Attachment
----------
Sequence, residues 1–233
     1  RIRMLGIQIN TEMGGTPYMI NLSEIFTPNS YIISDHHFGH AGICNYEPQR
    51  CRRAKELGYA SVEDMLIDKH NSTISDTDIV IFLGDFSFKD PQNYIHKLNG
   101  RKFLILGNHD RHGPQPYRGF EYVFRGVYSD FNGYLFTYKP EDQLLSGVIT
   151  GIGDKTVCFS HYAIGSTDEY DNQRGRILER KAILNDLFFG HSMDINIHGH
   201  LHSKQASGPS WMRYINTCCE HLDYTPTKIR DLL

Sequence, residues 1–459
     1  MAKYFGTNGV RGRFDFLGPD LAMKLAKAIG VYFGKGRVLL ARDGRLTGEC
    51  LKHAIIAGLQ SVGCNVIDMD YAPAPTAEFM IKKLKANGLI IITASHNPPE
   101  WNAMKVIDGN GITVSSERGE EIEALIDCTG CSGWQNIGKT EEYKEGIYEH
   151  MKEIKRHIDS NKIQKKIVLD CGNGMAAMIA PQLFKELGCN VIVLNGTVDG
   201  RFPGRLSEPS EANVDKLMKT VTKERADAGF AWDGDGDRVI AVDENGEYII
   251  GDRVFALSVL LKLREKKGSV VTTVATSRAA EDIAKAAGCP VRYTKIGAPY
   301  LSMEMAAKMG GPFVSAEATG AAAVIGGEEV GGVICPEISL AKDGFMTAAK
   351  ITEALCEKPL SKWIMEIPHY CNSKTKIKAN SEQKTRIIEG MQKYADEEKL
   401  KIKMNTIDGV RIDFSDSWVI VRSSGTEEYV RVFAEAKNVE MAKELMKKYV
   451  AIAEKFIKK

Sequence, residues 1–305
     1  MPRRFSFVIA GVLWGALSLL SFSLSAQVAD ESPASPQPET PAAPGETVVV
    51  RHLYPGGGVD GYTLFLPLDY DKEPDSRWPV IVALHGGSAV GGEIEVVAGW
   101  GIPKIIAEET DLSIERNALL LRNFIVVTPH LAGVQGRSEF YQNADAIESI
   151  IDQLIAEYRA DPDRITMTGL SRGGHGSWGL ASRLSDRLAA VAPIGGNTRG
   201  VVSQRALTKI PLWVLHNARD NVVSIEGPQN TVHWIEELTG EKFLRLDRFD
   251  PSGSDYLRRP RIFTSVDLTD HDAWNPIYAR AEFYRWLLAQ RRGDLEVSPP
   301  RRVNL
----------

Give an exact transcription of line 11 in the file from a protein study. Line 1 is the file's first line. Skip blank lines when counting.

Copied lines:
   151  MKEIKRHIDS NKIQKKIVLD CGNGMAAMIA PQLFKELGCN VIVLNGTVDG